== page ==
Echidna fever

Mookie wrote a big report on echidnas and made this great diorama.

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Ecihnas are monotremes, like platypuses–in fact, the only monotremes besides platypuses–which means that they lay eggs but are mammals in other respects. We have learned a lot about echidnas in the past few weeks, and I think the only reason we aren’t being begged for a pet echidna is that they live only in Australia and New Guinea and would be homesick.

Detail, so you can see the ants properly:

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Echidnas love ants. I love the log. And the use of sushi grass, and the drawing of the echidna.

What animal are you?

The kids on the movie screen were being asked: “What animals are your family members like?” I asked Mookie what animal I was and she instantly answered, “You’re a giraffe.”

“Really? Why?”

“I’ve always thought of you as a giraffe,” she said. I have to say this was a surprise. I do not think of myself as remotely giraffelike.

“But in what way am I like a giraffe?”

She said, “Tall, thin…

“…-ish.”

I like the pause and the addition of -ish. I’m also not tall except in comparison to Mookie and Joy, but that’s enough to establish me as “the tall one.”

“You’re smart. You have freckles.
You had chicken pox twice.”

(This is true, and has clearly made quite an impression on Mookie.)

“Which makes you kind of have spots. And you’re almost a vegetarian.”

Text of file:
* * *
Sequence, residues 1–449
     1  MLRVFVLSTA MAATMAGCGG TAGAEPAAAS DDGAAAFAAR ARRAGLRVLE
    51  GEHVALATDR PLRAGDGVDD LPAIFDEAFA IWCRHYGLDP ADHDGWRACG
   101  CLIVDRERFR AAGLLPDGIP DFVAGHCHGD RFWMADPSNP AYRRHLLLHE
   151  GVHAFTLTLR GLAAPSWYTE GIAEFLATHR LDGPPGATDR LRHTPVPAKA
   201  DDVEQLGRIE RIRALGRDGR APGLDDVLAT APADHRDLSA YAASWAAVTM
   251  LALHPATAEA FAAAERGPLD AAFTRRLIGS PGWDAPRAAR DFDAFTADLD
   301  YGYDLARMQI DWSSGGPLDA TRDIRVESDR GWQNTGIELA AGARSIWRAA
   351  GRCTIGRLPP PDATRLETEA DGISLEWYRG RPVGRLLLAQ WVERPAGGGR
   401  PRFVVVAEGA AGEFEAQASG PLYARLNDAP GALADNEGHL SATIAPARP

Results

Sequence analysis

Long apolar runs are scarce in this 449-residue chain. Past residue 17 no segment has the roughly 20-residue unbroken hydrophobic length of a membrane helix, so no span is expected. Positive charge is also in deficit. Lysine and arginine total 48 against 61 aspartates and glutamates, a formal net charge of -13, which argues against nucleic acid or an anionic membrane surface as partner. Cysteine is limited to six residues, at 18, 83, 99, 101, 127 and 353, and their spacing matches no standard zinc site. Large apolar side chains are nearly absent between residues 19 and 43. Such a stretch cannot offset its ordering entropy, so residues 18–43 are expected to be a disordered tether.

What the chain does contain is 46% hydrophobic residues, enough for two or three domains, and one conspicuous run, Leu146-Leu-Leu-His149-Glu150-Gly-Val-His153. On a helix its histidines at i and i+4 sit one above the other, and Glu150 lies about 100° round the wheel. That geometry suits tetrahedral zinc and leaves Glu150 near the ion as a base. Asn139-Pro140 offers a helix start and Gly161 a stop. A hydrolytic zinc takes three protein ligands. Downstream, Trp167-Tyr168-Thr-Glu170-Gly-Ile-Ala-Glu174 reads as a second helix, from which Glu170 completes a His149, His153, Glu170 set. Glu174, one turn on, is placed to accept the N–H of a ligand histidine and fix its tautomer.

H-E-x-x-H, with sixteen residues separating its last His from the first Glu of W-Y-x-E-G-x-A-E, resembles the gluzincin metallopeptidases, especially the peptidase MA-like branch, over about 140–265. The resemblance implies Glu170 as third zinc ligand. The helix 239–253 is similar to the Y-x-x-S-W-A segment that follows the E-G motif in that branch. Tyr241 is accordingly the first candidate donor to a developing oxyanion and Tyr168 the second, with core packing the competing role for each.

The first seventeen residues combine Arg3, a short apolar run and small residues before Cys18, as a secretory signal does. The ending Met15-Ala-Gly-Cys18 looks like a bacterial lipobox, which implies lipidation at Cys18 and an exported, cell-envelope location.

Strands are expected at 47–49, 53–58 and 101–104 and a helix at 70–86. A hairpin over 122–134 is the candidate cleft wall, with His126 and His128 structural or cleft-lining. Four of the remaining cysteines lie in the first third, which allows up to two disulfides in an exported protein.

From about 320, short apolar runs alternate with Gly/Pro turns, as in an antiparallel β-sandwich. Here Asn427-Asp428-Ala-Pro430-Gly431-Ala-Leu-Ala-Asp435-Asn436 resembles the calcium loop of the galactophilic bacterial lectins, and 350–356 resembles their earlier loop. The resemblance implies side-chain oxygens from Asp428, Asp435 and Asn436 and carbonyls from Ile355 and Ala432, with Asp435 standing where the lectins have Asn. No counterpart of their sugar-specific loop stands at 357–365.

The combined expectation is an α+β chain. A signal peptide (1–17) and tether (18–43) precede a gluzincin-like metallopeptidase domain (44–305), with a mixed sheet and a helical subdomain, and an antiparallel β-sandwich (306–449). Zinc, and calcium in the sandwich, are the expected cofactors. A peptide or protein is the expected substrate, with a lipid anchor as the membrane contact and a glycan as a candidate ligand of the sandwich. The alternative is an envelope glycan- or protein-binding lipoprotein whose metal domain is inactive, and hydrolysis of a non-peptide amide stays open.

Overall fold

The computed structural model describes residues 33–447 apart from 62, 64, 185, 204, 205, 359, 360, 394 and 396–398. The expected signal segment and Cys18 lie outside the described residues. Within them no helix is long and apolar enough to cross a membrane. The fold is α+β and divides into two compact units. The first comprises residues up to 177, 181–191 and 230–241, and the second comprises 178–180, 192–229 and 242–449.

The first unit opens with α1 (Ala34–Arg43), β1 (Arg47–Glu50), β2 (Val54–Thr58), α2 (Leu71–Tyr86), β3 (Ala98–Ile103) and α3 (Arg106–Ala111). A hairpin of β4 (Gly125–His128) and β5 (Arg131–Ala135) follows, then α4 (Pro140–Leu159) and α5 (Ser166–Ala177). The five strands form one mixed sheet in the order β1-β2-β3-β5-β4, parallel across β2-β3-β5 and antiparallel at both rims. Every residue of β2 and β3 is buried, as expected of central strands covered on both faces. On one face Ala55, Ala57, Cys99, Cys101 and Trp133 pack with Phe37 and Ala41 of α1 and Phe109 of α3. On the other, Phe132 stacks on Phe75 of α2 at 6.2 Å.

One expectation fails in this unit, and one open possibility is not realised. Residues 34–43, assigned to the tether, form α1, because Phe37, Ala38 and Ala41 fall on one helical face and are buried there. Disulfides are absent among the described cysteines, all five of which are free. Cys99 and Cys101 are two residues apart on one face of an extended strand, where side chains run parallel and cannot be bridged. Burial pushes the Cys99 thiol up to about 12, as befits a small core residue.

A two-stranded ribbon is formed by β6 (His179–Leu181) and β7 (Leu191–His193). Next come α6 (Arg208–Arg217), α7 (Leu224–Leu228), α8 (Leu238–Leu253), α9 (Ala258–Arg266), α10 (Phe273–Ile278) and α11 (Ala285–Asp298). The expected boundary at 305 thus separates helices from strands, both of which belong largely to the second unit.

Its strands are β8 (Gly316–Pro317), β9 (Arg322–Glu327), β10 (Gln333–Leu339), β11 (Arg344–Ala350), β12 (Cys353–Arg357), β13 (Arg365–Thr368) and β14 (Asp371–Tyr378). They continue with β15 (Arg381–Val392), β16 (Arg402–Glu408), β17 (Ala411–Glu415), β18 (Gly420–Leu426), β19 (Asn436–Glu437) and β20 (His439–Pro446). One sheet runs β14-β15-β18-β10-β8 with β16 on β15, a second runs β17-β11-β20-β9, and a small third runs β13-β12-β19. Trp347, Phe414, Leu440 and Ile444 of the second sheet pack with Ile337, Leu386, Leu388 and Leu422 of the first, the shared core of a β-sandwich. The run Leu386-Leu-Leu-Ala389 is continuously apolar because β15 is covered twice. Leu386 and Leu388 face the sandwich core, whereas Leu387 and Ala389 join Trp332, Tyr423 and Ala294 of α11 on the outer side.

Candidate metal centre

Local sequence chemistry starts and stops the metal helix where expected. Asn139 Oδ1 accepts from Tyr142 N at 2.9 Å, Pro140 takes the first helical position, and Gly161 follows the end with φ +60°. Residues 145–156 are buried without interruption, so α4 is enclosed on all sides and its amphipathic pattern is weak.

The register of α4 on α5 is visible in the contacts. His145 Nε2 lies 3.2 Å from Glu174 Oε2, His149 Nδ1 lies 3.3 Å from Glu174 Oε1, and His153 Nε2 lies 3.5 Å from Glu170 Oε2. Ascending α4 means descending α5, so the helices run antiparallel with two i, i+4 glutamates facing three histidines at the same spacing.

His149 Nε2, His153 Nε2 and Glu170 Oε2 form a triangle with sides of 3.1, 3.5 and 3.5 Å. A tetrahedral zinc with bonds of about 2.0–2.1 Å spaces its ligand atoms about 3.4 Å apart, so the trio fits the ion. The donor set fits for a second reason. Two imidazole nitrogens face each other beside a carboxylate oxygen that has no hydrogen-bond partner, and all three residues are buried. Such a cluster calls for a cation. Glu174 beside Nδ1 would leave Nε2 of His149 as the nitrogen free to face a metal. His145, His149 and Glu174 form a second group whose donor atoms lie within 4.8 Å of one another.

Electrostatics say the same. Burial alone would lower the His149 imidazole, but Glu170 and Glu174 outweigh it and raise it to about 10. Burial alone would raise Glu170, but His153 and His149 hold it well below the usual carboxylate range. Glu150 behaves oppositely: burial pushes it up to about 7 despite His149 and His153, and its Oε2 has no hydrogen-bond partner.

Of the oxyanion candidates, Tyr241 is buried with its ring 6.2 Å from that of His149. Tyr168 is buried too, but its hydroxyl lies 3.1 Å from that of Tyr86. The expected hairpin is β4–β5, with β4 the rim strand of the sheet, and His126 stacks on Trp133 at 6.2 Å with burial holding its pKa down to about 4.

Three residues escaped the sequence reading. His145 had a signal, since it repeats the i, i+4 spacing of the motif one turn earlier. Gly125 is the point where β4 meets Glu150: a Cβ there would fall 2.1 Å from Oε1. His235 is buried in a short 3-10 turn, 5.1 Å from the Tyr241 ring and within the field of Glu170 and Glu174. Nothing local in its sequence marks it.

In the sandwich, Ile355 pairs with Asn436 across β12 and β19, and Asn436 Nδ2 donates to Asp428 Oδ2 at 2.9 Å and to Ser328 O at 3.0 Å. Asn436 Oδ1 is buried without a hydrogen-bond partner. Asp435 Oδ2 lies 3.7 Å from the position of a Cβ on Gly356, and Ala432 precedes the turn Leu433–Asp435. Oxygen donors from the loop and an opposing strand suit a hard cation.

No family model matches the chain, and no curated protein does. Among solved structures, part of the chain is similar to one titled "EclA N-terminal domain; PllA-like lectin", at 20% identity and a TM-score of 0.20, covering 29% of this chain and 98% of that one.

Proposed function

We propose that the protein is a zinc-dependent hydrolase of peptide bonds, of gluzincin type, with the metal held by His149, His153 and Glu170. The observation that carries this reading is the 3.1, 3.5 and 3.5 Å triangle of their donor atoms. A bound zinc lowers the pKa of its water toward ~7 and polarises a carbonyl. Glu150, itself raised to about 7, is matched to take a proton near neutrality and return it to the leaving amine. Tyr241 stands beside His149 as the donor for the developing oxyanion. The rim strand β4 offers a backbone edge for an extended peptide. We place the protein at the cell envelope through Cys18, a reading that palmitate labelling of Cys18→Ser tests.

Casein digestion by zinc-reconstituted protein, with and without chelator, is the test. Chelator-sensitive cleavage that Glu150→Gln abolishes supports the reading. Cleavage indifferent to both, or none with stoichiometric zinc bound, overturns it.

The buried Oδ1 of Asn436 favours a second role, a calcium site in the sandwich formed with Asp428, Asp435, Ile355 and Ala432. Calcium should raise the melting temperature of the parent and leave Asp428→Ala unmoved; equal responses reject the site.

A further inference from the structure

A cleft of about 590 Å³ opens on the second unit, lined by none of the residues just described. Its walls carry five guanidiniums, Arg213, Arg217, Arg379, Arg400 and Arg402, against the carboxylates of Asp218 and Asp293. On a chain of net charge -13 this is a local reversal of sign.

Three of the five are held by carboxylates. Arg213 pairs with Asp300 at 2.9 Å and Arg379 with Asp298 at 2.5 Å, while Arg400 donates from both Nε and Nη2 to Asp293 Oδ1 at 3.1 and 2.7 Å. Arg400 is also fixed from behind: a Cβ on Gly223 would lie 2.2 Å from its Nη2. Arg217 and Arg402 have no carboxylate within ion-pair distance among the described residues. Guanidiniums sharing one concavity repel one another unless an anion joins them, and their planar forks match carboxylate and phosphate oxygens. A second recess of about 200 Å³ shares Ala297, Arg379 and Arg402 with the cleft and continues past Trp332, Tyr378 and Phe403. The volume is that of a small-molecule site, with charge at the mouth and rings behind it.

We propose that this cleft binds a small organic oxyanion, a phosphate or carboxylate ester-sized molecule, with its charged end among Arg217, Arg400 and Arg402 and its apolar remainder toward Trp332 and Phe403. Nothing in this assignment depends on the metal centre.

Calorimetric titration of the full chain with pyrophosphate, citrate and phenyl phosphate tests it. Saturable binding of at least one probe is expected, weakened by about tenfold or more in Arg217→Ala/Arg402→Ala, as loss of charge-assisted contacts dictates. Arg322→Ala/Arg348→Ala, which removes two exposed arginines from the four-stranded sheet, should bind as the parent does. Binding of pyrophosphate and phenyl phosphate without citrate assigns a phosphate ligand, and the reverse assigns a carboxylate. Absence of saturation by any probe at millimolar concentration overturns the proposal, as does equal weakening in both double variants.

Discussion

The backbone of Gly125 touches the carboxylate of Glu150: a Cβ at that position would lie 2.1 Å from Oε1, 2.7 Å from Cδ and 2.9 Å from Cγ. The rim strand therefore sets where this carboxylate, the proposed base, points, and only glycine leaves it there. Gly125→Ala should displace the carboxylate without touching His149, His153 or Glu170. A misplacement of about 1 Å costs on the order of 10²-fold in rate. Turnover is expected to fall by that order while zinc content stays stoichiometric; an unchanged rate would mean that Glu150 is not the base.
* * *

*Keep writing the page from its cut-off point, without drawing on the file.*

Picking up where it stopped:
I’m moved to realize that since she was two, my daughter has thought of me as a mother giraffe. It’s sweet.

The tiger and the penguin

Mookie made this in “Rainbow Chasers,” the after-Sunday-school time at church where she often spends two or three hours due to my having classes. I love all the different shapes and the way the sentences tend to end in the middle of a line, creating a nice rhythm. And it’s such a sweet, loving story, with a “happily ever after” that is not about a wedding. The child has a way with words, and with art too. I don’t know where she got this idea.

A transcript follows for the sake of readers with small screens.

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Once upon a time…
A tiger loved a penguin. The problem was,
the penguin was afraid of the
tiger because she thought that he would
eat her. One day, the penguin was
sitting on a bench and reading a book when
suddenly, the wind picked the book right up and carried it
into a tree! The penguin had only flippers and wings so she couldn’t
get her book out of the tree!
Luckily, the tiger had seen the penguin’s dilemma and, being a tiger, he
was excellent at climbing trees! Before the penguin could so much as
blink, the tiger was climbing the tree. And
before she could blink again, he had the book in
his paws and was offering it to her. Just then, that very day, the penguin realized
that the tiger wasn’t really that scary after all, and that
he just wanted to be friends.
And from that day on, the tiger and
the penguin were best friends and lived happily ever after.
THE END.

Nine

Mookie at nine minutes:

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Mookie at nine days:

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Guidemother Darcey’s son Nick takes responsibility for introducing the newcomer to books

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Sleeping with a blissful Mami

Mookie at nine weeks:

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Already laughing

Mookie at nine months:

Mookie at nine years:

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A birthday present she can open again and again

Happy birthday, big girl! We love you more than words can say.